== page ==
The effect of aerocombat exercises versus kata techniques training on symptoms of children with autism spectrum disorders: the role of exercise nature
Paper ID : 1939-12THCONG
, College of Sport Sciences, University of Isfahan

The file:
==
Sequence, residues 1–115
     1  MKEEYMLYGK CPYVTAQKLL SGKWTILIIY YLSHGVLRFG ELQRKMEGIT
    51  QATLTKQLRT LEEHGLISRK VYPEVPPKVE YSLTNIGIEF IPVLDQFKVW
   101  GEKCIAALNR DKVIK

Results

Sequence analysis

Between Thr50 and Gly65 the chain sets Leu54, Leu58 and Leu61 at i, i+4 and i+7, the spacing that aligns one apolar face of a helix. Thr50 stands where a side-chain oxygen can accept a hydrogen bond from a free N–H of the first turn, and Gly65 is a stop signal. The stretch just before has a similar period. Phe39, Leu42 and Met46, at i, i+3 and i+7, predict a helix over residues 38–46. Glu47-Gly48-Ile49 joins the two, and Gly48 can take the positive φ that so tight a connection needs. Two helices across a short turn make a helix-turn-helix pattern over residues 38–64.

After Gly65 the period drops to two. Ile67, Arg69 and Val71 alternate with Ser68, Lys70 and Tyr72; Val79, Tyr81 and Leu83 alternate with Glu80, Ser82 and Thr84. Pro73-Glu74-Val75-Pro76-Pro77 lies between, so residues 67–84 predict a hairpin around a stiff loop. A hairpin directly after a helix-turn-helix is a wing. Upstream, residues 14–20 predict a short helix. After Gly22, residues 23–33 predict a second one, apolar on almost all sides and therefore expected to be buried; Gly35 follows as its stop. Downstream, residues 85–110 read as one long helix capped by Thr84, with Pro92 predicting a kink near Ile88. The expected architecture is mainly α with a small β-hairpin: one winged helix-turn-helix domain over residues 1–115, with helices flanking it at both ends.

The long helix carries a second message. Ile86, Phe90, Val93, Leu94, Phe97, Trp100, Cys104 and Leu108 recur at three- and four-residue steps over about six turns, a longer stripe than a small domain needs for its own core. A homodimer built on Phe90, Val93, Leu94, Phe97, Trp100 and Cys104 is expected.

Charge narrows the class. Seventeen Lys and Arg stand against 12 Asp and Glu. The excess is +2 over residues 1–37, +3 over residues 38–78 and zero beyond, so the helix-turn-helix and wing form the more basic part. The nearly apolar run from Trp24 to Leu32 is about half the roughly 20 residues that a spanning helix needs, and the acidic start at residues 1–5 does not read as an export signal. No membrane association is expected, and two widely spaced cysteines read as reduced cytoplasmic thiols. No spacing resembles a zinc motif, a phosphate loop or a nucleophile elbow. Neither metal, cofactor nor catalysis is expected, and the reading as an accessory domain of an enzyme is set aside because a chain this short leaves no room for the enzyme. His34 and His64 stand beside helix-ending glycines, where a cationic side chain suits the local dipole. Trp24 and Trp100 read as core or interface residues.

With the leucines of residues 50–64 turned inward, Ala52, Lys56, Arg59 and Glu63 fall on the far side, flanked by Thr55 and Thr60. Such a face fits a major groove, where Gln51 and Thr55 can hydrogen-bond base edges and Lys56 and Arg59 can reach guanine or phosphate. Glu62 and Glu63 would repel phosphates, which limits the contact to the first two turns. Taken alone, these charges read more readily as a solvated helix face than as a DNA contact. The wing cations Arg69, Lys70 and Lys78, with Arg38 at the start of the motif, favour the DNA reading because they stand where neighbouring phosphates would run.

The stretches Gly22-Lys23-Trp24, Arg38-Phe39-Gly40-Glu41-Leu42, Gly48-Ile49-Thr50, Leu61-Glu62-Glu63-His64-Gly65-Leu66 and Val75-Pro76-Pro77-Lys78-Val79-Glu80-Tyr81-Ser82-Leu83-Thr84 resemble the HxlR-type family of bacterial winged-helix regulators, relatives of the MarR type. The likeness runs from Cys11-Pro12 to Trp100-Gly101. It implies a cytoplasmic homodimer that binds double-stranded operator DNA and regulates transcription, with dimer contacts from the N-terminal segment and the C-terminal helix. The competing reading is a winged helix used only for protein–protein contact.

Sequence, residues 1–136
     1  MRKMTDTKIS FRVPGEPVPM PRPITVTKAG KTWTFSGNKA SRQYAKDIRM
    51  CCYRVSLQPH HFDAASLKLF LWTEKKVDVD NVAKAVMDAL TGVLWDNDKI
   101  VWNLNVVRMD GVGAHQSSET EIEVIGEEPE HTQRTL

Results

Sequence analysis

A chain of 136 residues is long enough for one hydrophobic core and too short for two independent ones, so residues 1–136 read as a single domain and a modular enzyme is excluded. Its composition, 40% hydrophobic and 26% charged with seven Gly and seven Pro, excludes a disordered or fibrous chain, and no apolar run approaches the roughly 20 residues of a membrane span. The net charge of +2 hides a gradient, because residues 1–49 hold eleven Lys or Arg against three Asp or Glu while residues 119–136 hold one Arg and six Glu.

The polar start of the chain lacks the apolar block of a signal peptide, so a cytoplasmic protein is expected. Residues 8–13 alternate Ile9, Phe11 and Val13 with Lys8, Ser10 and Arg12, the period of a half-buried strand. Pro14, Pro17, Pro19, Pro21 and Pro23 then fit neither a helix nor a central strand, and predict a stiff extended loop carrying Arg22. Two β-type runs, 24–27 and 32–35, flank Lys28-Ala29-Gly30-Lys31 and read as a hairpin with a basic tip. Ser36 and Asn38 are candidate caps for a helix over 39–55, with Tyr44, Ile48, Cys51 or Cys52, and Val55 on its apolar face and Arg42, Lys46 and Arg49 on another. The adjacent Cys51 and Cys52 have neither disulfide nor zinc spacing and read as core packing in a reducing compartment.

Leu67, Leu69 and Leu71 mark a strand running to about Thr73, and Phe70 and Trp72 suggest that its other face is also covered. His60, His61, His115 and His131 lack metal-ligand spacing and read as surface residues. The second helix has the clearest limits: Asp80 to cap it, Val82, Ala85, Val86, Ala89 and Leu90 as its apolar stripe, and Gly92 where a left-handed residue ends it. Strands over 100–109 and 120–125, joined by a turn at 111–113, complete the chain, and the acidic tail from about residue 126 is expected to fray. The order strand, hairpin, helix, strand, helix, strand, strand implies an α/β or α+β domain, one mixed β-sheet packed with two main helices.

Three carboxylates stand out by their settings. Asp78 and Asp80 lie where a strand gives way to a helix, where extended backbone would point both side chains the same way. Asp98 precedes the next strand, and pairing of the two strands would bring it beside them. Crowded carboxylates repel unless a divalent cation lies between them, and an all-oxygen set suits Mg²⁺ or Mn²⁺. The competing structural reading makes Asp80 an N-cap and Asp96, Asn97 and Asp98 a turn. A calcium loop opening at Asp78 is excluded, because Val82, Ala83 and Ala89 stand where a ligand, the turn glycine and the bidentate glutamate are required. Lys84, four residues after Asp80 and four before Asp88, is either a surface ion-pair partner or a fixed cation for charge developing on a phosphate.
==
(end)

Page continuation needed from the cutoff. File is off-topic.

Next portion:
The effects of 14 weeks of kata (karate) versus aerocombat (martial arts aerobics) training on main symptoms of autism spectrum disorders (ASD) including communication deficit, stereotypy, and social dysfunction of children with ASD were investigated. We have sought to answer the question of whether the nature of martial arts (kata vs. aerocambet) can alter the symptoms and the severity of ASD. The study included 54 eligible (diagnosed ASD, 6-10 years old) children whom they assigned to kata (n = 18), aerocombat (n = 18), and no-exercise control group (n = 18). Participants of the exercise groups received kata techniques or aerocombat instruction three times per week for 14 weeks (42 sessions). The symptoms of ASD were assessed at baseline (pre-intervention), week 14 (post-intervention), and at one month follow up in the three groups. Gilliam Autism Rating Scale-Second Edition (GARS-2) was used to evaluate changes in participants’ communication deficit, stereotypic behaviors, and social dysfunction. Statistical analyses were performed with a repeated measures of analysis of variance, a one-way analysis of variance a paired t-test, and an idependent t-test. Results showed that both kata techniques and aerocombat training significantly improved communication deficit, stereotypy, and social dysfunction of the participants in the exercise groups. It was also found that aerocombat exercises played a much more prominent and distinct role in improving social dysfunction, and communication deficit than kata techniques. Moreover, the effect of these two types of intervention on stereotypy was found to be similar. Interestingly, after 30 days of no practice, communication deficit, stereotypy, and social dysfunction in the exercise groups remained significantly decreased compared to pre-intervention time. The participants of the control group did not show significant changes in the outcome variables. Following participation in the intervention, autism severity decreased from baseline levels by a M of 25.07% and 43.01% across participants in kata and aerocombat groups respectively. After 30 days of no exercise, autism severity in the exercise groups remained significantly decreased compared to pre-intervention time, and with a slight change, the improvement of autism severity reached 22.4% and 38.67% in kata and aerocombat groups respectively. Autism severity increased from baseline levels by a M of 2.26% in no-exercise control group. It seems that teaching kata techniques and aerocombat exercises to children with ASD for a long period of time consistently improves their communication deficit, stereotypy, and social dysfunction, as well as their autism severity. The role played by aerocombat training in modifying and improving autism symptoms was found to be significantly greater than kata training. In conclusion, it should be noted that the nature of martial arts could be considered as a key option in prescribing martial arts based intervention in children with ASD for improving symptoms of ASD.